Developing countries

In Poland, the Czech Republic and Hungary, a process of economic transformation is taking place as each country works towards entry into the EU in 2004.
Decades of underinvestment in the maintenance of poor-quality infrastructure during communist rule has led to a vast demand for essential elements such as transport, power and water. This has resulted in the transition economies legislating for the grant of concessions to private investors and, in some cases, procuring projects.
The EU is providing extensive grant aid to these countries, funding the development of projects and the preparation of invitations to tender, monitored by its delegation.
But the public infrastructure projects funded through these grants are projects that could be funded privately through a public-private partnership (PPP). The finance and transport ministries of transition economies want to utilise the UK PPP model, with variations taking account of risk profiles, legal and political environments and public sector expertise.
One of the principal factors behind the willingness of Eastern European governments to consider and adopt PPP-style schemes is the politicians' reluctance to sell state assets to the private sector outright . PPPs satisfy the need to keep strategic assets (the 'family silver') in the hands of the state, while also finding a structure that can deliver private sector investment. The key issue is whether existing economic, legal and administrative structures in Eastern Europe are able to attract and support private investment under this model.
So what progress has been made? Experiences vary enormously. In Poland, a law on toll motorways was passed in 1994, following which there have been three calls for tender resulting in the construction of one 60km connection between Krakow and Katowice. The other two projects have not commenced construction. This may be because of an insufficient traffic flow to make tolls viable and a lack of the State Treasury's guarantee of proceeds. A new Polish government programme has announced that it will consider changing from a directly collected toll to the 'vignette' concept, involving the purchase of an express passway.
The Czech Republic has no comprehensive enabling legislation for PPPs and the government has relied on several small amendments to procure its only PPP project to date – the D47 motorway to Ostrava. But controversy surrounds this project. It has been awarded to a private company without holding a tender competition and without agreeing a contract, despite the existence of the Public Procurement Act. Further legislation will probably be needed to enable the government to transfer state assets to the private sector and to provide rights and obligations on concessionaires. This can proceed after this month's parliamentary election.
By contrast, Hungary does have concession and public procurement legislation, but progress has not been without inherent difficulties. The government there has tried to transfer major development and operational risk to the private sector, but in some instances it has had to guarantee part of the debt financing. Major completed projects include the M1, M15 and M5 motorways. Low traffic volumes on the M1 and M15 led to the insolvency of the concessionaire, but the M5 is still operated by the private sector. Another project, Budapest Sports Hall, has been undertaken by Bouygues under a 20-year design, build, finance and operate contract.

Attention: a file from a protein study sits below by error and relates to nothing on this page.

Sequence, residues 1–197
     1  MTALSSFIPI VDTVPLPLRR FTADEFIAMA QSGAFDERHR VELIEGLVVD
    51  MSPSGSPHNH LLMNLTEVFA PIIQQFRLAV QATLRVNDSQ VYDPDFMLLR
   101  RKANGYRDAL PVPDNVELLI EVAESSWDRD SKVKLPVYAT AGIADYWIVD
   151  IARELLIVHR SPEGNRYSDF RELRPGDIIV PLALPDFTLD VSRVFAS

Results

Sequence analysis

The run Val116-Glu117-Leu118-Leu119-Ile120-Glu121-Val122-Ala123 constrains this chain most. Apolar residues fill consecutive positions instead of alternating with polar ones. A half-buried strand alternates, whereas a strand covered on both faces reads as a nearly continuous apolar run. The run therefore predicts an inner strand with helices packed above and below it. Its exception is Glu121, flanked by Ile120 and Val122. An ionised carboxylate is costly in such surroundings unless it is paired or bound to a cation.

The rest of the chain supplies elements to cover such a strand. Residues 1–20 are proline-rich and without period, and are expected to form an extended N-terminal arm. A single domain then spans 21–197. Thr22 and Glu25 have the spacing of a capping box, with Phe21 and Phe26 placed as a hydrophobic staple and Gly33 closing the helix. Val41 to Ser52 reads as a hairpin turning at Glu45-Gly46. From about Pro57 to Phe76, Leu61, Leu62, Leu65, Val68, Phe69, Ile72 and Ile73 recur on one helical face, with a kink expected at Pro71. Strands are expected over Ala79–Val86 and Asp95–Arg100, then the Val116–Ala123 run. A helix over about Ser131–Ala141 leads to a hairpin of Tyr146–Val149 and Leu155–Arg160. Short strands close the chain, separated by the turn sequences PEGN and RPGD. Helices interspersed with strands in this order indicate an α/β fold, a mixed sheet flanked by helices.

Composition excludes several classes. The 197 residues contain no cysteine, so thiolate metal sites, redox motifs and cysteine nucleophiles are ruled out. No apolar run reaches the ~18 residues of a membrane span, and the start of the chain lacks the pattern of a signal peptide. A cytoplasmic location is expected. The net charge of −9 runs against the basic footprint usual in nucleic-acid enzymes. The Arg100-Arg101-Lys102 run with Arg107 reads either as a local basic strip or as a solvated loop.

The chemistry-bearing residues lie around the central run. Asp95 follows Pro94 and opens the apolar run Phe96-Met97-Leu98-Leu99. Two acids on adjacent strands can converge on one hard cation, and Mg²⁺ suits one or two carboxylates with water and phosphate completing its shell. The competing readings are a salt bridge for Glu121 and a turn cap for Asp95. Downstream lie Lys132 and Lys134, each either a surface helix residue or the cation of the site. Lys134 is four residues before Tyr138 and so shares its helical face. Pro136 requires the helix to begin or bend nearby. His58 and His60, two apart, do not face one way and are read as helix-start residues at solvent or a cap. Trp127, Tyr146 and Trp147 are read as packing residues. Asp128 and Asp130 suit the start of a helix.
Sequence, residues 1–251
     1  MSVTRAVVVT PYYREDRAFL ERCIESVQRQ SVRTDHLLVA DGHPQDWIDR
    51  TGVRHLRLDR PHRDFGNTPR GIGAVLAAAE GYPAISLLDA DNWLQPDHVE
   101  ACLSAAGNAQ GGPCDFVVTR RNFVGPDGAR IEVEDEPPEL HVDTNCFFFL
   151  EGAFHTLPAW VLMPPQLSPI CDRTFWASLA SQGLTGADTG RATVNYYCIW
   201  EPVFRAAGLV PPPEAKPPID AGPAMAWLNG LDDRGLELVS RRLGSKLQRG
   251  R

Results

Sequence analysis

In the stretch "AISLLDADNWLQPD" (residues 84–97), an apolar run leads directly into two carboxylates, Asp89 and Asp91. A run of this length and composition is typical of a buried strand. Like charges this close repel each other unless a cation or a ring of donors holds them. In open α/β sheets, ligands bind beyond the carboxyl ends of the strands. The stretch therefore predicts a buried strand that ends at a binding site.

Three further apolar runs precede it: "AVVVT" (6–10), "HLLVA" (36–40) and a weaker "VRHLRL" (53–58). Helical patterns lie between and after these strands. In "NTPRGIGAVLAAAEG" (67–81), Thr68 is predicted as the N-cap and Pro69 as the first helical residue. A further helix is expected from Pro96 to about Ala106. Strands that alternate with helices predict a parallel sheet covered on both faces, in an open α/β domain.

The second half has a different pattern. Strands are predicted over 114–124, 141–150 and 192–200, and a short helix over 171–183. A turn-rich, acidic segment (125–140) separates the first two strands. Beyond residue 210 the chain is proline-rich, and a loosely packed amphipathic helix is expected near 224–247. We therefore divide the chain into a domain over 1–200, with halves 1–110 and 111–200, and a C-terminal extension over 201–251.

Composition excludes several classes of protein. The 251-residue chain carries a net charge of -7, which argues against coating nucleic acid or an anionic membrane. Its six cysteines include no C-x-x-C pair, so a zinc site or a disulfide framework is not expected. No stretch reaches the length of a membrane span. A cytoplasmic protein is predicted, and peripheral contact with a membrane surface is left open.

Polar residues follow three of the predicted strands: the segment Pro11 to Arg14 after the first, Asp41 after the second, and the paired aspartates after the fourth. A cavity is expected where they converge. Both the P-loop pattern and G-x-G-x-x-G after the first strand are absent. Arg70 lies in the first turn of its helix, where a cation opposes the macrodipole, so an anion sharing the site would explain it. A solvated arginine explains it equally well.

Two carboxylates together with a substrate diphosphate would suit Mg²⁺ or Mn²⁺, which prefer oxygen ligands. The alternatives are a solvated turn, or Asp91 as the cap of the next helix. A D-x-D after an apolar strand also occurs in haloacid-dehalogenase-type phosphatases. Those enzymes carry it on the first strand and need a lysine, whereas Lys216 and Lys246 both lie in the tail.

Further behind most other candidate countries in terms of transition to join the EU is Romania. But this year it introduced a PPP act intended to attract urgently needed private funds for its ailing infrastructure. Public projects had previously been carried out under concession and public acquisition legislation. The Romanian government has announced its intention to carry out seven major projects to upgrade road, rail and sea transport infrastructure, valued at $2.98bn (£2bn).
The experiences of each country demonstrate that, while the need for renewed infrastructure and the desire to procure it through the PPP route is key, there are also real hurdles to overcome for the successful implementation of the PPP model. What these are and the degree to which they are manifested vary from country to country.
Each country has implemented legislation enabling PPPs, but this has sometimes been of unclear application or contained gaps. Some civil code legal regimes do not allow the taking of security, including security over income streams that are crucial to international lenders, although others, such as Romania, have enacted quite modern secured transaction laws.
Although public procurement legislation existed in the Czech Republic, the government's perceived failure to operate a competitive and transparent tender has not enhanced private sector confidence. There is also an unsurprising lack of professional expertise in the public sector that makes it heavily dependent upon external advisers.
The ongoing transformation process, supervised by the Delegation of the European Commission and involving the overseeing of all infrastructure projects funded by the European Commission, should go a long way towards establishing an economic environment conducive to the successful implementation of PPPs. As and when the transition economies succeed to the EU, this will provide greater stability and confidence.
Anthony Fine is head of global projects and Cathy Harris is senior associate at Altheimer & Gray